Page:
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Capital Markets Weekly: Supply affected by Thanksgiving holiday and renewed COVID-related concerns

30 November 2021 Brian Lawson

US bond market issuance declined to USD3.7 billion in the week to 26 November, versus USD44.1 billion in the prior week, while sales in Euros fell from EUR33.9 billion to EUR23.4 billion. This reflects the Thanksgiving holiday, a time when market activity traditionally declines, along with market volatility reflecting renewed COVID-related concerns.

Despite the aggregate decline, a significant amount of business was transacted with a successful deal for Albania accompanied by diverse supply from mainland China. Other highlights included the Philippines announcing plans for a debut Green Bond in 2022, and El Salvador’s plan to raise “Volcano Bonds”, an instrument whose performance – and use of proceeds – would be linked to Bitcoin, along with renewed pressure on both Turkey’s currency and debt.

Emerging markets

Albania raised EUR650 million of 10-year debt with a 3.5% coupon and issue price of 97.94% to yield 3.75%. On 19 November, Albanian Daily News reported that a government statement described the deal as 1.8 times subscribed. The issue represented the country’s fifth international financing and proceeds will be used to service foreign currency debt. In October, Finance Minister Delina Ibrahimaj had targeted raising EUR500-700 million: in June 2020, its last issue had been for seven years at 3.625%.

Sinochem, a state-owned enterprise incorporating China National Chemical Corporation, raised USD800 million and EUR500 million on 18 November. It placed three and five-year bonds in dollars at 1.536% and 2.268%, 70 and 105 basis points over comparable US Treasuries and 40 and 35 basis points respectively inside initial price talk. Demand exceeded USD3 billion. In Euros, it sold four-year debt at 0.841%, with demand almost twice the issue size.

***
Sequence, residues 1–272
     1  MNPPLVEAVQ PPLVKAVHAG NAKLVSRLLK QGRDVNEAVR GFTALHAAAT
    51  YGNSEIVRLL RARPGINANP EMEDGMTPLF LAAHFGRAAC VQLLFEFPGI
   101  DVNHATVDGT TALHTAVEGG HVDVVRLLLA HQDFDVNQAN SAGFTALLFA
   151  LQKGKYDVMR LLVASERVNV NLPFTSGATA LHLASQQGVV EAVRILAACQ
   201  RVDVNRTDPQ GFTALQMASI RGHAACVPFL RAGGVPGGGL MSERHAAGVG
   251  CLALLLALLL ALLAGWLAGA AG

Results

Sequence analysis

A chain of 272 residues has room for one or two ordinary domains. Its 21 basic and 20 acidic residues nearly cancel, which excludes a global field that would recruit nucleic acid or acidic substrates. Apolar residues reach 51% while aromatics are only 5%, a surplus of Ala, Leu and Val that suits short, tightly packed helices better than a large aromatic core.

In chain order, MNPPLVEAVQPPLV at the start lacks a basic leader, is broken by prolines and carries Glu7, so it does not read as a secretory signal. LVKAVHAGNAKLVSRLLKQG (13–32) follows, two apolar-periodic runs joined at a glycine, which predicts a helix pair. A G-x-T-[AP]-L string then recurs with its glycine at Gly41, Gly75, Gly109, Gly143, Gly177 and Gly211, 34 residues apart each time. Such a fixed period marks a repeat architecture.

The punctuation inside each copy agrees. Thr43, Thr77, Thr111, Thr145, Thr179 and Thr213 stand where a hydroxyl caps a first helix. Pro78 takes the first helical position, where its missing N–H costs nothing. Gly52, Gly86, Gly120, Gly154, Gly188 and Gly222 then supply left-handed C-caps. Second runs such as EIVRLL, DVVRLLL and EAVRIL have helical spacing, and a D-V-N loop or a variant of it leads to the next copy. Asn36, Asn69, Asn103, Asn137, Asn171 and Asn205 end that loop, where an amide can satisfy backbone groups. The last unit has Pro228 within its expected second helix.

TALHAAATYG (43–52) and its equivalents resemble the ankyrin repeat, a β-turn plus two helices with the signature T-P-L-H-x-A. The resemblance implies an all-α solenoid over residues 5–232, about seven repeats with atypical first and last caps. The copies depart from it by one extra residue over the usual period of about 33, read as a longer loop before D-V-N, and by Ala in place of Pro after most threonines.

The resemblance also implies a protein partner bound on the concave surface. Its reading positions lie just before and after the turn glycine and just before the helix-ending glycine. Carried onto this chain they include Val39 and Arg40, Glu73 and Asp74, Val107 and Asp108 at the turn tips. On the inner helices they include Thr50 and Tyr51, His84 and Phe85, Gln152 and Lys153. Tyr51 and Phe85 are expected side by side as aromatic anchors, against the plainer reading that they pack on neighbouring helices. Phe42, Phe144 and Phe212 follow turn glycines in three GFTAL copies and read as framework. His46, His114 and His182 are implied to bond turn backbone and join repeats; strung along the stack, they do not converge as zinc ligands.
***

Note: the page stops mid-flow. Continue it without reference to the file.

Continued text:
In addition to a coal-related deal described under ESG below, further Chinese corporate supply included the sale on 23 November of a USD600 million deal for Chengdu Communications Investment Group, a transport infrastructure firm in Chengdu City, Sichuan Province. The offering attracted USD2.2. billion of demand for three-year bond priced at 2.2%, versus initial price talk of 2.7%.  Shenzhen-based Chinese wealth manager East Money Information sold its debut issue the following day, pricing the USD300 million deal at 2.022%, 110 basis points over comparable US treasuries versus guidance 50 basis points wider. On the same day, China Everbright Bank priced USD300 million of three-year debt at 33 basis points over comparable US Treasuries, 37 bps inside price talk and offering 1.27%.

Colombian holding company ISA (Interconexión Electrica) placed USD330 million of 12-year debt on 18 November, gaining around USD1.4 billion in demand for its debut issue. The issue is priced at 3.825%, versus price talk of low 4% area. Proceeds will repay existing debt.


After a further rate cut despite high inflation, the Turkish Lira has fallen to new lows, reaching an intraday level of TRL13.45/USD on 23 November, implying a 25% devaluation in little more than a week. It followed comments by the Turkish President that the country was fighting an economic war of independence with its Central Bank arguing currency movements were unrealistic and completely detached from prevailing economic fundamentals. Turkey’s EMBI+ spread index widened 6.67% on 23 November and closed the week at 554 (close to its March high of 569 basis points).

El Salvador

El Salvador announced plans to sell USD1 billion of 10-year debt at a 6.5% yield in early 2022 using a tokenized structure via the “Liquid Network”, a blockchain-based settlement system. Half the proceeds would be converted into Bitcoin and the remainder used for the development of the country’s planned “Bitcoin City” next to Conchagua volcano in the country’s south-east, which proposes to develop a new airport, commercial and residential areas in a “Bitcoin-shaped” city, with construction starting in 2022.  The country is planning to use volcanic thermal energy to support Bitcoin mining and has dubbed the planned issue “Volcano Bonds”. After a five-year lock-up, investors would qualify for additional returns related to Bitcoin’s price, although details have still to be provided.  Pricing bears little relation to conventional market debt, with El Salvador’s January 2023 bonds yielding 15.53% on the Luxembourg Stock Exchange on 22 November, while the Financial Times reported that 2032 bonds were yielding over 13%, levels implying an expectation of elevated default risk. Given its planned coupon, the reported deal appears to target a more blockchain-oriented investor base rather than conventional bond buyers and assumes that El Salvador will have the capacity to mine Bitcoin to cover whatever options are granted to investors.